Technology’s latest dilemma is one that some of the world’s largest tech firms have tried to address. Is there a way to fully engage with technology while maintaining user privacy?
While encryption vs. artificial intelligence has yet to make a grand splash in the Silicon Valley pool, I’d predict that this kid is jumping into a canon ball as we speak. As was astutely pointed out by The Guardian’s Danny Yadron, this dilemma isn’t going anywhere.
Facebook has apparently begun developing an opt-in, encrypted version of its Messenger app. The reasoning behind making the encrypted feature optional is that it would disable some of the machine learning perks it’s building into Messenger as part of the bot movement.
This draws attention to the similar actions taken by Google just a few weeks ago. The company’s new messaging app Allo, announced during Google I/O, will include an incognito mode which gives users the option to encrypt their activities inside the app.
Allo will have the Google Assistant built right into it, meaning that the app will include a machine learning aspect which supports many of the apps most compelling (and most-advertised) features.
After it was revealed that the app’s encrypted features were optional, Google faced significant blowback both from both privacy activists and regulating bodies.
Messenger currently has over 900 million active users, second only to also-Facebook-owned messaging app, WhatsApp, which has already joined the fight for end-to-end encryption.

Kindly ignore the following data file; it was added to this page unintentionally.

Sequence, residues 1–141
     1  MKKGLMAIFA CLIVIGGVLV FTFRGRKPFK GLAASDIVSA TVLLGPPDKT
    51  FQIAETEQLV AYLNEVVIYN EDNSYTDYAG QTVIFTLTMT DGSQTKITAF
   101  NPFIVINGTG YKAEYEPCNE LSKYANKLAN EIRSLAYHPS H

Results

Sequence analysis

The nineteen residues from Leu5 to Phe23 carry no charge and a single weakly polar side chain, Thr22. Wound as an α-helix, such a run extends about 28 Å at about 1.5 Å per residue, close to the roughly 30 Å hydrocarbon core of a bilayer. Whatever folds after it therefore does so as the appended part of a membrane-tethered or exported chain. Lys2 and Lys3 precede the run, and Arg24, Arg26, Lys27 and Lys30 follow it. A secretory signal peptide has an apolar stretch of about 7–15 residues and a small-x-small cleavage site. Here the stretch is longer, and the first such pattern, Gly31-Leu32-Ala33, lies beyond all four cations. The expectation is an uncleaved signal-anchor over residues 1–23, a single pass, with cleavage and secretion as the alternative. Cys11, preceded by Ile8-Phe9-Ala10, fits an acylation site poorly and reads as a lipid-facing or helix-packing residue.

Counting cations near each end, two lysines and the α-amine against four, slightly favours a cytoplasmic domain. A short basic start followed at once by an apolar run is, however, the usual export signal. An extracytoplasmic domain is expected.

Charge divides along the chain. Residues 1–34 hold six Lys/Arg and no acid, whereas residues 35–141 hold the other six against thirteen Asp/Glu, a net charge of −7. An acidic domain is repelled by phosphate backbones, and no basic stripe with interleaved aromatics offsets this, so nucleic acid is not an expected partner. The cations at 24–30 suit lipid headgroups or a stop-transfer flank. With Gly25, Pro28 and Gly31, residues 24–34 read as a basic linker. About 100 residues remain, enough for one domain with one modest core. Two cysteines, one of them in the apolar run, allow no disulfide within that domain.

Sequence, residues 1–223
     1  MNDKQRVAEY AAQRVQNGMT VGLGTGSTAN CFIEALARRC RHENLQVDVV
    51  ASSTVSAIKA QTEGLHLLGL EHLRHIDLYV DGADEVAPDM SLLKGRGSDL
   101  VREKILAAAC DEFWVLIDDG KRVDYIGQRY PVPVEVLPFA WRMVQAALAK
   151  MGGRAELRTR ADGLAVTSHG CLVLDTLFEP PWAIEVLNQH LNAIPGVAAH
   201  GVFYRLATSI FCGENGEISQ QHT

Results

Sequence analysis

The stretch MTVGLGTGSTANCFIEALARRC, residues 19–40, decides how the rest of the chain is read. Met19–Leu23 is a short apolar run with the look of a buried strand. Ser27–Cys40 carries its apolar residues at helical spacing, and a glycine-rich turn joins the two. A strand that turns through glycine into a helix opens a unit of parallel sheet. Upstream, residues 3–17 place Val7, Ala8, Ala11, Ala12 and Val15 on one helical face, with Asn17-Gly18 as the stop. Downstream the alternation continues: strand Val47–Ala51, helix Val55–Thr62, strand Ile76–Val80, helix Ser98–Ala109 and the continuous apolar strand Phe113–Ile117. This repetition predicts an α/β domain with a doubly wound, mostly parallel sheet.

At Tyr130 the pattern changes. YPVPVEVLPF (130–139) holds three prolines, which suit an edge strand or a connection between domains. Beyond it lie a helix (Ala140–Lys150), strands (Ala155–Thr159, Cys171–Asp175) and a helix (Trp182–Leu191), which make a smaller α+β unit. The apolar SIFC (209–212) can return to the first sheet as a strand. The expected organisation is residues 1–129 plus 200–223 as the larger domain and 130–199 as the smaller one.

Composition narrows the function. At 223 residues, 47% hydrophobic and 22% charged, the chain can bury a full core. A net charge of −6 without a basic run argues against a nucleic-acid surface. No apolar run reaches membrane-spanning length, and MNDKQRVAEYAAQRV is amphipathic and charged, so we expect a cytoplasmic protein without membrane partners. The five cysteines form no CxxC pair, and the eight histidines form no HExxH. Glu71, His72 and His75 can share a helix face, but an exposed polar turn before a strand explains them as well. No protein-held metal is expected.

However, it can’t be ignored that in order for companies like Google and Facebook to make their products as useful as possible to consumers, they need to be able to gather data. In the long run, their products need to learn and grow as their users do for a true integration between humans and technology to ever take place.
Several companies in addition to these, including Amazon and Apple have released in machine learning technologies, suggesting that this integration is the end goal.
The encryption wars raged over the last half-year as the FBI pleaded with Apple to help it unlock the iPhone 5s of a San Bernardino shooter. Just a few days ago, the FBI officially rescinded their demands as it confirmed another method of cracking the shooter’s phone.
Since then, WhatsApp and Viber went on to introduce end-to-end encryption across their messaging platforms and the subject of privacy has been a hot one across the tech space.
While Facebook wouldn’t confirm its intention to add encryption benefits to Messenger, the rumour itself begs the question of whether consumers are willing to compromise on convenience or personal privacy.
Related reading: Google’s new Allo app wants to turn us all into chat bots